A False Sense of Saving: A 15 vs 30 Year Mortgage


April 29, 2020

My Dear Reader,

While the government is still attempting to keep us locked under quarantine, I thought it would be interesting to look at common misconceptions in the financial field. One of the lynch pins in the debt pay-down theory is to pay off all debt as quickly as possible. One of the ways this is accomplished is by choosing a 15 year mortgage over a 30 year mortgage, this Forbes article, written in 2016, lays out the 3 main reasons why a 15 year mortgage is sold over a 30 year.

“1. Save more money 2. Build more equity 3. Reduce pressure on your monthly budget in retirement”

So I’ve decided to take the next three articles on KevinPrendiville.com and use them to examine and counter each of these three main points presented. The first is “saving more money”.

One of the essential financial principles we have discussed is opportunity cost. When a home is bought with cash or paid off in the shortest amount of time, the lost opportunity cost can be astounding. For instance, let’s take two brothers, Orville and Wilbur, who both think they are in the right. Each brother is going to buy a $500,000 home in Florida. Orville decides to get a fifteen year mortgage [FIG 1], so he can pay off his home faster and then invest the money that he would have been spending on his mortgage. His brother Wilbur decides to get a thirty year mortgage [FIG 2] and invest the difference that he saves per year over Orville. To make it simple, both have a $500,000 loan with a flat 5 percent interest rate. Orville will pay $3,953 to the bank every month and Wilbur will pay $2,684. If we assume there were no market crashes at all and both earned the current average rate of return at 7.91 percent Orville will make $1.3 million in the fifteen years after paying off his house. Not a bad sum.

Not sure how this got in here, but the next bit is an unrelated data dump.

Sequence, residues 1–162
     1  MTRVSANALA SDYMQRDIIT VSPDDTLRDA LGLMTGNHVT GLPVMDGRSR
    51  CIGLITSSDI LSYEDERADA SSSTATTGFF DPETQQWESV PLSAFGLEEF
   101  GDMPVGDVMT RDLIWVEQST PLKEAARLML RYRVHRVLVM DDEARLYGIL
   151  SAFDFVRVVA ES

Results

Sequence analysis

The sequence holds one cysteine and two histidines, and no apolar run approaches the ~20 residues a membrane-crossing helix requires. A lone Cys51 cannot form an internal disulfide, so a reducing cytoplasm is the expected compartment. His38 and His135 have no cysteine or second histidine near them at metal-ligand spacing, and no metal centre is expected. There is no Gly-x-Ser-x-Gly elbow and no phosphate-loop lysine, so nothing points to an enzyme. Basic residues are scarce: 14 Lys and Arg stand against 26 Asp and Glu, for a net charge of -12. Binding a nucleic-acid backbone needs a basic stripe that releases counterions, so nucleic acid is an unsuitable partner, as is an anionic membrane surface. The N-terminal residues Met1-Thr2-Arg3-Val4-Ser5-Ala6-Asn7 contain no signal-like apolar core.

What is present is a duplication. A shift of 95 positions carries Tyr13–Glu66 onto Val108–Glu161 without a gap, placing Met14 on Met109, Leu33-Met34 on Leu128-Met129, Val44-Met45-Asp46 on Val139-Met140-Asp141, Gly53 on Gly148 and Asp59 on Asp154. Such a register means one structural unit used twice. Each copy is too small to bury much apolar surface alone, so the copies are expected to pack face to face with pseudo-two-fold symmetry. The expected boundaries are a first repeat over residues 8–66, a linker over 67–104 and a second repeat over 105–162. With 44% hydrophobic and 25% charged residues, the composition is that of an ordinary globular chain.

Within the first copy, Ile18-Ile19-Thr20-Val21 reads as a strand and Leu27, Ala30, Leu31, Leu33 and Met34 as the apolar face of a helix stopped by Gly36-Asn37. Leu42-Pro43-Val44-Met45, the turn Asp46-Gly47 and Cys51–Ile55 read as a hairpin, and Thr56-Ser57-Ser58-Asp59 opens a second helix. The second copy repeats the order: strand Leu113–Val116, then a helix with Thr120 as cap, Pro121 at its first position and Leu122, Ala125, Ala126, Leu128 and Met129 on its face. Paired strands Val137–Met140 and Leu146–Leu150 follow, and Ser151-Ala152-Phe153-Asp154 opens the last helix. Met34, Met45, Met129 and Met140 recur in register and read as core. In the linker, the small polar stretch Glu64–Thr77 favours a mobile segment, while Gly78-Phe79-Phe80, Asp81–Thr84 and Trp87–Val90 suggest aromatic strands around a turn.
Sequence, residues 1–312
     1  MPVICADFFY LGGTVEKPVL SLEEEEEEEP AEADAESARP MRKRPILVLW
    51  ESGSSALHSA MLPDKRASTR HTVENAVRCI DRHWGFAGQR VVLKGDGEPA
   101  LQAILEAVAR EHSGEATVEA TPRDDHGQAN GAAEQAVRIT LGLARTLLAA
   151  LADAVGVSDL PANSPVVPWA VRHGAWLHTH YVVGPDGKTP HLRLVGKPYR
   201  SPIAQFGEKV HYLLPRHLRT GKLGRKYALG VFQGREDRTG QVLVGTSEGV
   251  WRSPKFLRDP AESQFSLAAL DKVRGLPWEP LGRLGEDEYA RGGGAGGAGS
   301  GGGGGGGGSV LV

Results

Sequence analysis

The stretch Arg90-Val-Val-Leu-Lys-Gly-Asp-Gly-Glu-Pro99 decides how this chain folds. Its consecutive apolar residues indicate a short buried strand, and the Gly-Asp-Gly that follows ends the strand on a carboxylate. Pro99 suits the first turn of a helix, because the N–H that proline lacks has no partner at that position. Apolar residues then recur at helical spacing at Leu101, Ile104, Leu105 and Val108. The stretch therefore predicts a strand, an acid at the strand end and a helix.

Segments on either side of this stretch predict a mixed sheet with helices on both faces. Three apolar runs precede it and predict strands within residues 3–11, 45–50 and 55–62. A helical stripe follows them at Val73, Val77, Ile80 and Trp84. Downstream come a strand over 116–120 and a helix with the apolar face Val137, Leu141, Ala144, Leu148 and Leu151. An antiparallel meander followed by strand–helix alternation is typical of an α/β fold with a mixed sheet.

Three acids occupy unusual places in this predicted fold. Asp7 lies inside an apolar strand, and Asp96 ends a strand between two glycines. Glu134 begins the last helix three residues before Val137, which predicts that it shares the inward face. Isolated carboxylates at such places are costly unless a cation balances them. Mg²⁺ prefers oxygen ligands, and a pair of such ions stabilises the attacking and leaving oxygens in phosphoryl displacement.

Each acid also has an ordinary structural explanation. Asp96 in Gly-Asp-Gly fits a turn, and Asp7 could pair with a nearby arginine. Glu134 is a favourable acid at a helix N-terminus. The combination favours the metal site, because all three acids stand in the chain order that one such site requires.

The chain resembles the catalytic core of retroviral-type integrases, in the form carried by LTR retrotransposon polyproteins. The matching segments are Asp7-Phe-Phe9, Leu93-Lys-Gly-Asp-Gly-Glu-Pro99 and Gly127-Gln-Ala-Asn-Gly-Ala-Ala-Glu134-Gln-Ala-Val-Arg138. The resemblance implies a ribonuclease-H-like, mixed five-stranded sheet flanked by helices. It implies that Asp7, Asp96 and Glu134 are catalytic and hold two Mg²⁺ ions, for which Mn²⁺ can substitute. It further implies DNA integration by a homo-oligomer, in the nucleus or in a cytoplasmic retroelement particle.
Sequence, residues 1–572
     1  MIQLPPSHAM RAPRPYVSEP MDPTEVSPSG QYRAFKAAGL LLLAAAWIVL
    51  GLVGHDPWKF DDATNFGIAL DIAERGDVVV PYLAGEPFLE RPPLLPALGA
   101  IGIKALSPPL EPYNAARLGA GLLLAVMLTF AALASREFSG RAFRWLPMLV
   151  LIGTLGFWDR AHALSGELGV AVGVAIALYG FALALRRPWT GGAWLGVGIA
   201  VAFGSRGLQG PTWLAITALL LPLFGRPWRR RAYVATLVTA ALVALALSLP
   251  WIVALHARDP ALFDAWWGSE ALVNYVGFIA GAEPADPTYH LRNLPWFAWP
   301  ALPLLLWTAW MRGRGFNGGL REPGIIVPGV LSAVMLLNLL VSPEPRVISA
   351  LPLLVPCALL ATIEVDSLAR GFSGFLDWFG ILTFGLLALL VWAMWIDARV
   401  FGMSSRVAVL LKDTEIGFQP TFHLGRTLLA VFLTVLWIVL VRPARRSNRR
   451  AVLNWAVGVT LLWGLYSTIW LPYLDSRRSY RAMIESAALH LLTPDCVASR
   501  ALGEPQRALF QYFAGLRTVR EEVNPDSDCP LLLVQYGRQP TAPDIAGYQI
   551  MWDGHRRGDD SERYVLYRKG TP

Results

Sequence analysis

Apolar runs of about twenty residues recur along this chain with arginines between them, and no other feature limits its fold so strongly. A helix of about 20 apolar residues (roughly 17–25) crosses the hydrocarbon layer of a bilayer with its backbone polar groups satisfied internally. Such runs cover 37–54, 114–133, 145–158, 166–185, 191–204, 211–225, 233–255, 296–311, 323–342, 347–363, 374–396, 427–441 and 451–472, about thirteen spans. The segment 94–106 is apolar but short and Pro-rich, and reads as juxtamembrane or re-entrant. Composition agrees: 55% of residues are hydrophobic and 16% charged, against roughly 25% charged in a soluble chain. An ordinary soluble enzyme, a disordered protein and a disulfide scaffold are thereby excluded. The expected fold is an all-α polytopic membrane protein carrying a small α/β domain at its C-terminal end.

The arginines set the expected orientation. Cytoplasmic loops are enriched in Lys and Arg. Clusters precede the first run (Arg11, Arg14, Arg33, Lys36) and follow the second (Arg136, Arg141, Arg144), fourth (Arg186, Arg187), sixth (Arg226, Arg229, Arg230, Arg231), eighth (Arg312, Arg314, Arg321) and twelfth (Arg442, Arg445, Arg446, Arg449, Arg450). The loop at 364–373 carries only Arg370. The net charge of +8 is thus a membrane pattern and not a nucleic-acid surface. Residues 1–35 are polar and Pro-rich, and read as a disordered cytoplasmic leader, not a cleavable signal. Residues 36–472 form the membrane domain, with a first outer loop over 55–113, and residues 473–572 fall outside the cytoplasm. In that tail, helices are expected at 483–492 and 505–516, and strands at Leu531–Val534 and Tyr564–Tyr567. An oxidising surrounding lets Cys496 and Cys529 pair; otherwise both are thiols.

FIG 1                                                         FIG 2

His brother Wilbur will invest $1,269 every month, as this is the difference between the brothers’ interest payments. Wilbur will have made $1.8 million by the time his house is paid off. Put simply, it’s because Wilbur has a fifteen year head start on his brother, and the better the market does, the larger the gap becomes. Now that we understand the financial principles laid out at the beginning, does it make sense to get a short term mortgage? You have more flexibility, more opportunity, and you’re not throwing money into a structure from which you can barely retrieve it. Though it may look like you’re saving more money on paper, in reality, the picture is much more detailed. 

To your creation and potential,

Kevin Prendiville